A. We must indeed wait for the choice of venue to be resolved. Still, the firm aspirations of Granada to achieve this, as well as the projects already a reality in other provinces, have already managed to break many clichés in Andalusia. We are land with unlimited talent, with a vision and capabilities far beyond what has been considered until now. This is already an achievement that has brought about a revolution in recent years, even from the Andalusians’ perspective. The fact that IFMIF-DONES is being developed in Granada is an endorsement of the transformation we have undertaken.
Q. Institutions such as the University of Granada and CIEMAT, among others, have played an essential role in the implementation of this project. What role could other Andalusian universities or institutions play in the project?
A. Fundamental. In research and development, it is vital to have an ecosystem of knowledge that allows us to share points of view, the advances that are being made and possible solutions to the difficulties that arise in any process. And in Andalusia, we have an enormous force of talent, creativity, and, I would say, enthusiasm in our universities and research centres. But not only in the public sphere; in Andalusia, we have significant scientific and innovation companies, which I would also encourage to join in. When public and private initiatives join forces, the speed at which we advance multiplies exponentially.
Q. Do you think IFMIF-DONES might promote the vision of Andalusia as a technological pole?
A. I think that this is already the reality. The fact of being able to aspire to host this project here confirms it. But also the work that has been done for a long time with the technology and science parks: with the magnet that Malaga has become…, the PTS in Granada…, Cartuja… As I said, Andalusia has even managed to outline its brand of innovation and technological development that we must continue promoting and cultivating.
Q. This scientific infrastructure will be critical to developing other scientific and technological areas, such as medicine or physics… Do you see significant synergies that can be activated with the arrival of IFMIF-DONES?
A. I see it clearly. This project will be a driving force for new developments. In the scientific and technological fields, including new industries and auxiliary companies. The scale of IFMIF-DONES is worldwide, and the advances it achieves will open up new paths for other disciplines. If I may say so, the accelerator will be an accelerator.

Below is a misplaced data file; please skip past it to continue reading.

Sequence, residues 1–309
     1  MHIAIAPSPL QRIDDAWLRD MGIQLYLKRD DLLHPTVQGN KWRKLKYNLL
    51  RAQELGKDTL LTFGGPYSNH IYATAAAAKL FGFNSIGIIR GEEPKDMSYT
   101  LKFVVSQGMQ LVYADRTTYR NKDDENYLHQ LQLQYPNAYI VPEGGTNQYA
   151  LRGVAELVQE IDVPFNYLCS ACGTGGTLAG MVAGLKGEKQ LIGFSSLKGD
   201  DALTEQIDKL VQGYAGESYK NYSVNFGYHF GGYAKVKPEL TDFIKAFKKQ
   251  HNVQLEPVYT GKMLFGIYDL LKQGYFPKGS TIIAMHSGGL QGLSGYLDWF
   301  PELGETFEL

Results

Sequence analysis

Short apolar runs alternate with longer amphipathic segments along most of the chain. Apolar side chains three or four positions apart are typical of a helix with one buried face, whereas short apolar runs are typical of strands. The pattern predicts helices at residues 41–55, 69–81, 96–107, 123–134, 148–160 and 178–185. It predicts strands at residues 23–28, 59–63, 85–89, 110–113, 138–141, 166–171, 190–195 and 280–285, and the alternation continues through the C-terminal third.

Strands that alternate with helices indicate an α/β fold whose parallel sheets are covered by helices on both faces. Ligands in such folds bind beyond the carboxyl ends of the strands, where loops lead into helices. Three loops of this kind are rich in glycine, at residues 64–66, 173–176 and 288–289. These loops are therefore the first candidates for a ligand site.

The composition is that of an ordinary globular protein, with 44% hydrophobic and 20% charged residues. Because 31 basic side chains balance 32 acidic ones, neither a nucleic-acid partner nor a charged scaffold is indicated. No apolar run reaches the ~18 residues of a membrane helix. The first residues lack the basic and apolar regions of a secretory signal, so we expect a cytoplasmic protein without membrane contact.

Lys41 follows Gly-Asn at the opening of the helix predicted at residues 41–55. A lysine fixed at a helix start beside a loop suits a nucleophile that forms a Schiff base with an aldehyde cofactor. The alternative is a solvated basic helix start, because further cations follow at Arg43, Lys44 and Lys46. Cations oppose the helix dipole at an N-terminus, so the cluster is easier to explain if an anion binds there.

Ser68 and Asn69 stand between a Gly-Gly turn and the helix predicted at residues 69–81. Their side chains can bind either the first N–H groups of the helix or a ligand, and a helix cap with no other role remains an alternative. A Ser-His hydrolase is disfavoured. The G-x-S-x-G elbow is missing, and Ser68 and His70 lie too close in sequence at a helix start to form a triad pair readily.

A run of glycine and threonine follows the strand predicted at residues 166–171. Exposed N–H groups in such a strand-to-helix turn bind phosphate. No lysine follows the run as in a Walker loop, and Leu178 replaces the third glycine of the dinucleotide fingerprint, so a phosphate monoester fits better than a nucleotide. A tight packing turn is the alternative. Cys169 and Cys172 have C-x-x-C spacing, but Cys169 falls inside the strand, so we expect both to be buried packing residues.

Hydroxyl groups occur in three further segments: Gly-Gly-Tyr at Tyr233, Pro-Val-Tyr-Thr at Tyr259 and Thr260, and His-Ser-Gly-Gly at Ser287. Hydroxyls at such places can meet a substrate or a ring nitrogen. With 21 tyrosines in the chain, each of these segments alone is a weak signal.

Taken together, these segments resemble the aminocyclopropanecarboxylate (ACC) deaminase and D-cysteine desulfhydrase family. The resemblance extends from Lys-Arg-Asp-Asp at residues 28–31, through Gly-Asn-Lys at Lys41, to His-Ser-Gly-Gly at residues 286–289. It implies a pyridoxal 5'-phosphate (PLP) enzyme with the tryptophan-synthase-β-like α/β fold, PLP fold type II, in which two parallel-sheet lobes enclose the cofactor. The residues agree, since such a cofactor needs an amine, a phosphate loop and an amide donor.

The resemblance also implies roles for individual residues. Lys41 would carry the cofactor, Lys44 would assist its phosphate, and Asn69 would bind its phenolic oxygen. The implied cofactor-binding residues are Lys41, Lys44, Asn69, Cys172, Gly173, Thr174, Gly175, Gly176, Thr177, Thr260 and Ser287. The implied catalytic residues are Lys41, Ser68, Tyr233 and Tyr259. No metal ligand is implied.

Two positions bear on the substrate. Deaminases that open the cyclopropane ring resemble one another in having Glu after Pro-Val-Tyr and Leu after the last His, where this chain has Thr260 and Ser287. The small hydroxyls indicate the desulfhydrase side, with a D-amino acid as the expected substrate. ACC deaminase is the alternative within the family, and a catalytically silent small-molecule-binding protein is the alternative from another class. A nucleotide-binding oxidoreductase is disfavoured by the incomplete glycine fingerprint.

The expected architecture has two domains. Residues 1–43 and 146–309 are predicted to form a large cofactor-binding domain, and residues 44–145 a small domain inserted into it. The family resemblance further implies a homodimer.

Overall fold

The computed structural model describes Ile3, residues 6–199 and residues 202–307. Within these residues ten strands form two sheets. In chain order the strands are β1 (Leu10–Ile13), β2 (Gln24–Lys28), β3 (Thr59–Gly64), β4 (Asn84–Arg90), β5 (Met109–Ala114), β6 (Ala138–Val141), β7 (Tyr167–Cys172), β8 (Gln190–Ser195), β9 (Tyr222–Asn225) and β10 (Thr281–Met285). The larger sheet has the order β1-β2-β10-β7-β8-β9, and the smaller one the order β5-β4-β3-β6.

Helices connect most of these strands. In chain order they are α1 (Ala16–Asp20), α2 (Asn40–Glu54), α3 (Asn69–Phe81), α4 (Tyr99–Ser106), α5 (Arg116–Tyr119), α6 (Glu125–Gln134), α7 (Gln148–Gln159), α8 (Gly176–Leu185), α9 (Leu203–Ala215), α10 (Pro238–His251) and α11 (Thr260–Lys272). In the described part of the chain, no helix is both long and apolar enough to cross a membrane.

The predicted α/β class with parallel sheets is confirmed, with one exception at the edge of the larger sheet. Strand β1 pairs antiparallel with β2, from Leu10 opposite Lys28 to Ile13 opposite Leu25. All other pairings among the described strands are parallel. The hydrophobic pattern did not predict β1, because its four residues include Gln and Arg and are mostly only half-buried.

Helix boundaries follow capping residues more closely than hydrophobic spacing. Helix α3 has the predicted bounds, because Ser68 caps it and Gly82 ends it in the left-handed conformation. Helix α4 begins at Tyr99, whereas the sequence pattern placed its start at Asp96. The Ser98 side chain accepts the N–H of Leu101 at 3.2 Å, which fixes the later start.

Q. Given the importance of the project, is it going to be declared a project of strategic interest for the Region, with the advantages that this entails from an administrative point of view?
A. It is already strategic and has been considered, so from the moment it was proposed, we created the Consortium and planned the investments for its start-up. We will do whatever has to be done to ensure that this initiative does not encounter any obstacles, which is the philosophy that has been applied from the outset. The unwavering support it has received from the administrations and from the beginning, I believe, is also one of the competitive advantages when deciding on Granada to host the IFMIF-DONES.
Q. Andalusia is becoming one of the most attractive regions for attracting international talent. What can we expect in the coming years?
A. That will be one of Andalusia’s distinguishing marks. We have long been a land to visit because of our natural, cultural, historical and gastronomic heritage… We are a land to live in because of all of the above and because we are a land of welcome… But we are also, and increasingly so, a land to work in, to develop so much talent and courage to launch business and research initiatives that, in a short time, are becoming and will become a world reference. I believe that the fundamental change, which makes Andalusia all this, is that we have achieved a shift in mentality and perception of ourselves and our possibilities. And in this respect, Andalusia is an inexhaustible source of talent and confidence in the future.